Authorities are pleading with Canberrans to limit their electricity usage on Friday as likely record-breaking temperatures push ACT and NSW power networks to their limits.
With temperatures expected to reach 40 degrees across most of the ACT for the fourth day in a row - the longest period ever recorded - the Australian Energy Market Operator has told the ACT government expected very high electicity demand had the potential to cause supply shortfalls during the hottest parts of the day.
“While the ACT has one of the most reliable electricity networks in the country, the effects of climate change, such as higher temperatures and more regular extreme weather events, are putting greater stress on our electricity grid especially during summer,” Deputy Director-General, Environment, Planning and Sustainable Development Geoffrey Rutledge said.
"We want people to stay cool ... [but] before you go to work tomorrow, turn off what you sensibly can and during the day think about whether you need to be using electrical equipment.”
The market operator said the most likely time for blackouts on Friday would be between 3-5.30pm, but said any supply shortfall was likely to be minor.
Should electricity shortfalls occur, ACT power users could face rotational load shedding, which involved cutting power to selected residential areas for up to two hours at a time.
The likely record of 40+ degree days will come amid a total fire ban for the ACT, declared by the Emergency Services Agency Commissioner on Thursday, and a severe fire danger rating.
Friday also marks 16 years since the 2003 Canberra bushfires, which saw four lives lost, hundreds of homes and thousands of hectares of bushland destroyed.
"What's causing this heat is a low pressure trough that's directing north to northwesterly winds over NSW and the ACT from central Australia," said Bureau of Meteorlogy forecaster Anita Pyne.
"[On] Tuesday, we had a maximum temperature at our observation site at Canberra Airport of 40.6 degrees.
"We [also] have a high pressure system sitting over the ocean ... which is kind of blocking other systems from coming through."
Belconnen was forecast to be the hottest place in the ACT on Thursday, with temperatures expected to reach a maximum of 42 degrees - inching closer towards Canberra's hottest day on record on February 1, 1968, when temperatures reached 42.2 degrees.
Canberra's city centre was forecast to reach 41 degrees on Thursday, and most of the ACT was expected to reach 40 degrees and above on Friday.
The nights were also expected to stay warm, only simmering down to 20 degrees on Thursday. A haze across the ACT, which was caused by dust from southern Australia, also persisted into Thursday evening.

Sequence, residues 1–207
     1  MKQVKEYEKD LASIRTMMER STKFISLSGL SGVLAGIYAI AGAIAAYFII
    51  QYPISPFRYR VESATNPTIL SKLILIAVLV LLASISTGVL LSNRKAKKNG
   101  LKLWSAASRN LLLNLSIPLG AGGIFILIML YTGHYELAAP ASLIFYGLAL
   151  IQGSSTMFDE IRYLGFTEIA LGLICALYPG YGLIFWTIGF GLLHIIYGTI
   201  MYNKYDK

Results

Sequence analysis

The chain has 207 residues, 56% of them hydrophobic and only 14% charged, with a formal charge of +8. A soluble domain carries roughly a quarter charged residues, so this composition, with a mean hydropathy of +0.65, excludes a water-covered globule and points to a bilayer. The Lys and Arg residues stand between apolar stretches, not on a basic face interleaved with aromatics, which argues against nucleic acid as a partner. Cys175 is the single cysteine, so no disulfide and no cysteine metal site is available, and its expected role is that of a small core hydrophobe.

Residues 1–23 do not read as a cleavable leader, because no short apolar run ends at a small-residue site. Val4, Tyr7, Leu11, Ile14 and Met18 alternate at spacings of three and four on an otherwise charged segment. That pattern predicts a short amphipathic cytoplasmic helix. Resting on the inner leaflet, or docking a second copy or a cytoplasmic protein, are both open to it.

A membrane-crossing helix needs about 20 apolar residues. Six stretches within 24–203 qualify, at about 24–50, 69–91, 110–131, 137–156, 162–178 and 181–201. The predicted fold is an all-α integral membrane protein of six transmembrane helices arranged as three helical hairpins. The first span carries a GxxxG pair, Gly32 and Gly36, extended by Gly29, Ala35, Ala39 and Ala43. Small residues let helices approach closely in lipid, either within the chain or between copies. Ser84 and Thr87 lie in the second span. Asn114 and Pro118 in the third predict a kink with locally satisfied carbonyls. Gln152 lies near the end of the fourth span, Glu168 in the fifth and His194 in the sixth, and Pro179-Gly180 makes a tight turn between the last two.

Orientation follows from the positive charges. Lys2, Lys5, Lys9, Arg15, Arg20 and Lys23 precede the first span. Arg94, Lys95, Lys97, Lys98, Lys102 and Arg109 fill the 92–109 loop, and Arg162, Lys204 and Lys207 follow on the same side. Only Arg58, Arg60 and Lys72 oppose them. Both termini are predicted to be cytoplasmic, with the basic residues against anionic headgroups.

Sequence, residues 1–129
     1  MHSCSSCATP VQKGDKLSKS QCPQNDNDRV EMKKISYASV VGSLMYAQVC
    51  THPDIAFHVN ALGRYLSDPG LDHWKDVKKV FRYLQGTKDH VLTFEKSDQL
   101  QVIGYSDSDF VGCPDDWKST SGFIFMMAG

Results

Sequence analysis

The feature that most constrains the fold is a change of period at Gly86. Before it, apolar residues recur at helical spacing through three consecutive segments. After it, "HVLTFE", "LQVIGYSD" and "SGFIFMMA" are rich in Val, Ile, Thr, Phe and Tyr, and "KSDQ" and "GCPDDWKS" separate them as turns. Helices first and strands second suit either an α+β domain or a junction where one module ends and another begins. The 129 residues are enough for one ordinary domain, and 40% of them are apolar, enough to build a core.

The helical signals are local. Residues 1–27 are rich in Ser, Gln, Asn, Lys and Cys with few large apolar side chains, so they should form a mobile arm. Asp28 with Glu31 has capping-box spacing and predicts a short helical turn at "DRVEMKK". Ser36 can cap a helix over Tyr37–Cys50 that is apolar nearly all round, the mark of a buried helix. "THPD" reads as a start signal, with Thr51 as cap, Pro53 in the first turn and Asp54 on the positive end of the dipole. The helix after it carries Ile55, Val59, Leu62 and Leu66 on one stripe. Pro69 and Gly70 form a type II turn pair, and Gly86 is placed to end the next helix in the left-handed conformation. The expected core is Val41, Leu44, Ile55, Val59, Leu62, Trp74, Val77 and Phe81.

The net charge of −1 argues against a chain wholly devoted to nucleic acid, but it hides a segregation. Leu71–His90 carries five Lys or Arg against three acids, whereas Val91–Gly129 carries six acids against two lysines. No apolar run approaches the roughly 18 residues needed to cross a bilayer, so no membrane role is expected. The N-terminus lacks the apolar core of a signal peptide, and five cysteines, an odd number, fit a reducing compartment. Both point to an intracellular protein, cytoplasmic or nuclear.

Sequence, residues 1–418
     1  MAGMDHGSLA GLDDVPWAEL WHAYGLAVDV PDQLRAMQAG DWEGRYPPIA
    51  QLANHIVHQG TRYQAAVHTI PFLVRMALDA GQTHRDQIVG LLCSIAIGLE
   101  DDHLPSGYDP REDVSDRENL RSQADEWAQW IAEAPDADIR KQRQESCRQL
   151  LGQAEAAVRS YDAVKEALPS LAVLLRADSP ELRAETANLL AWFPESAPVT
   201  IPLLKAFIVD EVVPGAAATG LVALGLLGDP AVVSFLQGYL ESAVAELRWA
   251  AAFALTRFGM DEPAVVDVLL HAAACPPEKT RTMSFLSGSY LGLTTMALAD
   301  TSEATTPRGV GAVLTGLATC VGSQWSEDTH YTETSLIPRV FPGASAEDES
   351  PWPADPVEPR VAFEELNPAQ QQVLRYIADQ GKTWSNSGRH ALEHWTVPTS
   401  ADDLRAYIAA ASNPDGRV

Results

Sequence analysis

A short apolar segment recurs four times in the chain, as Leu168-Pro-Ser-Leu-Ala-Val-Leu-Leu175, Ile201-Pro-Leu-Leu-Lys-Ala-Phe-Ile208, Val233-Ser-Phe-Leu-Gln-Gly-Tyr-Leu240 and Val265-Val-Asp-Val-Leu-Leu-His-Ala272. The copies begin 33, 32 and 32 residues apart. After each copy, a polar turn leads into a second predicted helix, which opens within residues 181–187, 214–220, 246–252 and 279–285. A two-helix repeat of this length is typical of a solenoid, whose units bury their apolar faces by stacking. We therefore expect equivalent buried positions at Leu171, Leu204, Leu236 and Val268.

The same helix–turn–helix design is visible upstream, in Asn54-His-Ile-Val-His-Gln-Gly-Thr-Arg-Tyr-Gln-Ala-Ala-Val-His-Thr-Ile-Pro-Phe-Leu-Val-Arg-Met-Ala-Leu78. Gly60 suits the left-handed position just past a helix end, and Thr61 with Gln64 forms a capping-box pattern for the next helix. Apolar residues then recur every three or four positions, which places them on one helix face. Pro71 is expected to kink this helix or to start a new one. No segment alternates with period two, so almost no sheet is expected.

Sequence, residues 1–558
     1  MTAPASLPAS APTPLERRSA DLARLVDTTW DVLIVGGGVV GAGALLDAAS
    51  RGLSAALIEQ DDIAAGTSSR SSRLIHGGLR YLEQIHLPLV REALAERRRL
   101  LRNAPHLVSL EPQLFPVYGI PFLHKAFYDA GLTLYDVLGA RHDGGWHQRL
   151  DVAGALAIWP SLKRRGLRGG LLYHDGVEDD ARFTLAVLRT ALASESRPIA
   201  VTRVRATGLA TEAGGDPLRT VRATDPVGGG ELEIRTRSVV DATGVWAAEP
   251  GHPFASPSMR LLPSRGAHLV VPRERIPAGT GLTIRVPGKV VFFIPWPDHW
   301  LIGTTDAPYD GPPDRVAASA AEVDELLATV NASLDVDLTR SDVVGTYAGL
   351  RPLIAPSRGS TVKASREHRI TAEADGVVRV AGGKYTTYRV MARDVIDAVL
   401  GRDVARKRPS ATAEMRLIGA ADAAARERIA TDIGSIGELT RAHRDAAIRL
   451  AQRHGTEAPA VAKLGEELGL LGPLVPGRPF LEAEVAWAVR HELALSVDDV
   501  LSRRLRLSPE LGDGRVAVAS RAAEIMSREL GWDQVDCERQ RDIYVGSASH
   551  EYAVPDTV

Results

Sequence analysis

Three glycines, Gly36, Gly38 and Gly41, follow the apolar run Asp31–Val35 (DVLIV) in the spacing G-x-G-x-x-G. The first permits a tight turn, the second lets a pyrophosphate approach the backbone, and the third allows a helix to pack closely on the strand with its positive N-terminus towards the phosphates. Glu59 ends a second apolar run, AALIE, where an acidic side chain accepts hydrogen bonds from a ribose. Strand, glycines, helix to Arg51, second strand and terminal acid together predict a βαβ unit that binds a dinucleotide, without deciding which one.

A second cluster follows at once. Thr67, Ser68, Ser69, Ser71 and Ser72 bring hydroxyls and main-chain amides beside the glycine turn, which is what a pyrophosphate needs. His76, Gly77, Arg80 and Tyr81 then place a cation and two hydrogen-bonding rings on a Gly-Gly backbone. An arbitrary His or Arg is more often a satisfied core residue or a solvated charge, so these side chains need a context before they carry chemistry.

Relief won't come until between late Friday night and early Saturday morning, when a southerly change is expected to simmer temperatures down to 33 degrees on Saturday in the city centre.
"It's much cooler, but still above the average temperature [for January] of 28 degrees," Ms Pyne said.
And, while Canberra's streets were mostly deserted on Thursday - many presumably on a self-enforced airconditioned, indoor lock down - few braved the heat as a matter of necessity or fun.
Mathew Bond and his children Cooper and Ivy were in their backyard having a splash in the sprinkler and on their slippery slide - the best way, they think, to cope with the extreme heat.
"Any opportunity to get in the water, [the kids] will," said Mr Bond, who lives in Jerrabomberra.
"They want us to take them down to Queanbeyan pool, but we can just hang around here."
Narrabundah resident Bec Lutfi and her two daughters Zahlia and Harlow had to pop out to grab a cake to celebrate Zahlia's sixth birthday. Appropriately, they chose an ice-cream cake - and an extra cone each, from Gelatissimo in Manuka, as a special treat.
"I'm 40 weeks pregnant but we're not handling the heat too badly. We've been staying in the airconditioning and eating a lot of ice-cream," Ms Lufti said.
Jack Barraclough, who's worked at the shop for about three months, said he had noticed a big increase in the number of people coming to the shop, particularly over the last few days.
"We have lines out the door of probably 25 to 30 people on Friday and Saturday nights," he said.
"We produce [the gelato], so my co-worker comes in at about 8am and spends about three hours just smashing out all of this ... it's more than we normally make."
Stuart Reed, who works for EcoWay Australia managing Canberra's local flora, said he didn't have airconditioning in his truck, so opted instead for a collection of frozen water bottles that he brought to work.
The fire danger rating is expected to decrease from "severe" on Friday to "high" on Saturday and Sunday.
The ACT Emergency Services Agency said there were no bushfires in the ACT on Thursday.
An ACT government spokesperson said there had been no increase in patient numbers at Canberra's public hospitals or in ambulances due to the heatwave.
- Stay hydrated by drinking plenty of water
- Plan your day around the heat and try to avoid being outdoors between 11am and 3pm
- Check on others especially the elderly, young children and babies, pregnant women and those with medical conditions
- Do not leave pets or children unattended in hot cars
- Stay indoors and make use of fans and airconditioners